“An astonishing number of stars revealed themselves”
Only a few years ago the onset of dark evenings was the start of months of being restricted to evening pavement pounding in the street-lit bubbles of our towns. Significant improvements in lights technology over the last decade have completely changed this. The days of huge battery packs on the bike or clipped to a running belt are long gone. Now you can get a running specific headtorch for less than a month’s membership at the gym. This provides a bright bubble of light for 12 hours at a time and has opened the door to an entirely new type of adventure.
Ten years ago, I ran the Bob Graham Round in the Lake District; 42 peaks and 65 miles with a target of under 24 hours. I softened up my running friends Andy and Duncan with a couple of pints of bitter and dreams of the beauty of running at dawn then, with a fuzzy head, reminded them of their commitment the next morning. A few days later we were stumbling around in the woods in a weak pool of light trying – not entirely successfully – to avoid running headlong into trees. Those first forays into the dark were nervous affairs. We jumped at rustling in the woods, cracking twigs and even sometimes at our own breathing. I guess we are programmed to be afraid of what we can’t see.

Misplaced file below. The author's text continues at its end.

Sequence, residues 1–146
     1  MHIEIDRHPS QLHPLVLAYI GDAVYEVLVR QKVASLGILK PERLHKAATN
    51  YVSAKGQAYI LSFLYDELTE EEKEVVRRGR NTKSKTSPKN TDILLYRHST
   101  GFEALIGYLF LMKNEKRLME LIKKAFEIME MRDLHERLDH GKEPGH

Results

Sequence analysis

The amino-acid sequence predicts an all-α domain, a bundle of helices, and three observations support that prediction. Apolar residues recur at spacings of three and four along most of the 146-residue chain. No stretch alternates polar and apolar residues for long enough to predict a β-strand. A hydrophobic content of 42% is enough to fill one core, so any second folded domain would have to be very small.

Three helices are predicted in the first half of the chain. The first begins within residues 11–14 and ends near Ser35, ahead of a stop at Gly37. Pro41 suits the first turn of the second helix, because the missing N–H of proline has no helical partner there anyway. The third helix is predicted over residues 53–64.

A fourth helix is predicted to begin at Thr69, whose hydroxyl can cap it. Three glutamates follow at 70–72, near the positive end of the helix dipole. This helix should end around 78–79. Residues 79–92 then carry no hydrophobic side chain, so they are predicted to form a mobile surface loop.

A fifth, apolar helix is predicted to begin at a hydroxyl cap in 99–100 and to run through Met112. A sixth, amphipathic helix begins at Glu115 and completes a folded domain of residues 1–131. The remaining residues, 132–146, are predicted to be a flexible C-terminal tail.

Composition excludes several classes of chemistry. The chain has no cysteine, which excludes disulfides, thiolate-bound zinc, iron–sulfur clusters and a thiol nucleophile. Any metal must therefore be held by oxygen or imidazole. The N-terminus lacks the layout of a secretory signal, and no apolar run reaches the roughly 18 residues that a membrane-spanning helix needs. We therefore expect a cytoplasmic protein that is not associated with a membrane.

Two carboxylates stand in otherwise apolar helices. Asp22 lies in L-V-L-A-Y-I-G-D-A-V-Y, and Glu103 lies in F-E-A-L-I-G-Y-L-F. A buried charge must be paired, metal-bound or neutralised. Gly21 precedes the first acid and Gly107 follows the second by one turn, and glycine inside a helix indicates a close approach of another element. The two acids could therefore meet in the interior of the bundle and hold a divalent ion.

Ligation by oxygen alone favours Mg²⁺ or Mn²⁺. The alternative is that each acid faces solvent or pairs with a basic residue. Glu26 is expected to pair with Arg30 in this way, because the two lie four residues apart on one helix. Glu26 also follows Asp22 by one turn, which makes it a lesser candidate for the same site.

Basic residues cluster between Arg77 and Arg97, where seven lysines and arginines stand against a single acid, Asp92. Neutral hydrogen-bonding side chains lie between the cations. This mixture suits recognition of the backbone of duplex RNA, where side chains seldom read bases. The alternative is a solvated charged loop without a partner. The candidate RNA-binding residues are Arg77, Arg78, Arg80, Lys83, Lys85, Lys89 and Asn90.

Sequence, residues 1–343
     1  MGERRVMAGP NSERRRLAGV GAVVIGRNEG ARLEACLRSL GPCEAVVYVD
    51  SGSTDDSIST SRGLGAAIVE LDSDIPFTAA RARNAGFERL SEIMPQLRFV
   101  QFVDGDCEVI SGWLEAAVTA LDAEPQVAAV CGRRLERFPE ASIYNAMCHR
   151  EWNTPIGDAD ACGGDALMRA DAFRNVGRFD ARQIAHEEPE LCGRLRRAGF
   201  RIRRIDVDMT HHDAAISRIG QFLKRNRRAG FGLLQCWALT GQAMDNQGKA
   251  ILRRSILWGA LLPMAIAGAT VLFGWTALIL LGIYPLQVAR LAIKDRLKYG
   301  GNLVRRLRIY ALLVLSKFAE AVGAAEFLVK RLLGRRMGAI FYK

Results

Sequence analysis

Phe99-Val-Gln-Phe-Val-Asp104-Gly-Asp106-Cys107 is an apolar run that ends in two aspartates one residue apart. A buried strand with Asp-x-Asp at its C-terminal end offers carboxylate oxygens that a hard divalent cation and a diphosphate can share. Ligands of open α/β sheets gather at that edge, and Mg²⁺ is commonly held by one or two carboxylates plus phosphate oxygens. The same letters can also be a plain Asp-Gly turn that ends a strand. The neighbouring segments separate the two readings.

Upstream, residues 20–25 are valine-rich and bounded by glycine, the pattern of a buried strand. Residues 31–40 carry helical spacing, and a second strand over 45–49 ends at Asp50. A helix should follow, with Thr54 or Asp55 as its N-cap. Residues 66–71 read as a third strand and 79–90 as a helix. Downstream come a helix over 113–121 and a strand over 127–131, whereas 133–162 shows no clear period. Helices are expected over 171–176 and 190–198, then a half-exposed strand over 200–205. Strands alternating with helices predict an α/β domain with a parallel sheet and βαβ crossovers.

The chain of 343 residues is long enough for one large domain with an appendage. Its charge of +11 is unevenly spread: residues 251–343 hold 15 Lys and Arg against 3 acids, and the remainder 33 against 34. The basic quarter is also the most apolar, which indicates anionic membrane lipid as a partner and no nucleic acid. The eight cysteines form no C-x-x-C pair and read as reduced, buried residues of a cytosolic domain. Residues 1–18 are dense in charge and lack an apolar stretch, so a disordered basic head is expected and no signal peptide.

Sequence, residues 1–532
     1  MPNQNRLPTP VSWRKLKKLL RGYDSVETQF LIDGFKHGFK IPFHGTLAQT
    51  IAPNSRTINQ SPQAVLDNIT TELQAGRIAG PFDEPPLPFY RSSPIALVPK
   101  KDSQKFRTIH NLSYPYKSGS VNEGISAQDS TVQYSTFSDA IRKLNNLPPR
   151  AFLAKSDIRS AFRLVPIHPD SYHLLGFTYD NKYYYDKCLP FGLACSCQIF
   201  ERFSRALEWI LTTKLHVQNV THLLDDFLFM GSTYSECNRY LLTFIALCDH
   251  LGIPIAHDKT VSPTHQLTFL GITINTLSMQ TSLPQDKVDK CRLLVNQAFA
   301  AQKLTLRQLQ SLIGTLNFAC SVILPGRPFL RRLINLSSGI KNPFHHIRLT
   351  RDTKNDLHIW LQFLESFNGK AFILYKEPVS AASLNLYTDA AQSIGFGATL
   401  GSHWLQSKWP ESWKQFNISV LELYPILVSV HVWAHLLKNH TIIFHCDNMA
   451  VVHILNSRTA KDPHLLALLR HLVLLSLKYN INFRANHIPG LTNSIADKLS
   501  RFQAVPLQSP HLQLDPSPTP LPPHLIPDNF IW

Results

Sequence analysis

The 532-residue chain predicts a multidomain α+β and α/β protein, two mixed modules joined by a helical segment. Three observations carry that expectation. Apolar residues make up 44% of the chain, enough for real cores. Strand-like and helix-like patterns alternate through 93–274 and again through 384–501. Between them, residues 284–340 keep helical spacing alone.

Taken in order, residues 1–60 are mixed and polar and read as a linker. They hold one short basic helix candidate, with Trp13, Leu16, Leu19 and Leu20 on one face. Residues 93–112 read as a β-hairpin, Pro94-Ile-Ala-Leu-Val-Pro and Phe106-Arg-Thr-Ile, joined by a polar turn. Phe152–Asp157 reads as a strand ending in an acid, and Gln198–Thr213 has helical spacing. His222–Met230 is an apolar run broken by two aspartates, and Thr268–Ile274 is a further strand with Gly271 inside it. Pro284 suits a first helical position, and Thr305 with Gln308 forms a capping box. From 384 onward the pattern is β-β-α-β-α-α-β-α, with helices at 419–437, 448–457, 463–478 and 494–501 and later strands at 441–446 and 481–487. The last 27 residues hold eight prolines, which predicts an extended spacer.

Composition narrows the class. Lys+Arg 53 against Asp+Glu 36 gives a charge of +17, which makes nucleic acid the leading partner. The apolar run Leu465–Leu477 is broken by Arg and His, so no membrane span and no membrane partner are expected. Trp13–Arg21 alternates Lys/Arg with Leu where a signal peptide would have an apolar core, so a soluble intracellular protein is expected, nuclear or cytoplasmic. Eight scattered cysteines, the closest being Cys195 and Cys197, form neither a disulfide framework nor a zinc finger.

With more and more people looking to experience new ways to push themselves, running, cycling and even swimming events in the dark are becoming increasingly popular. In December I am heading off to Wales to race the new Exodus Ultra race. This is 100 miles along the Beacons Way setting off in the evening and running the first half through the night over the Brecon Beacons. With this in mind, I headed off into the dark in Sussex to test my mettle.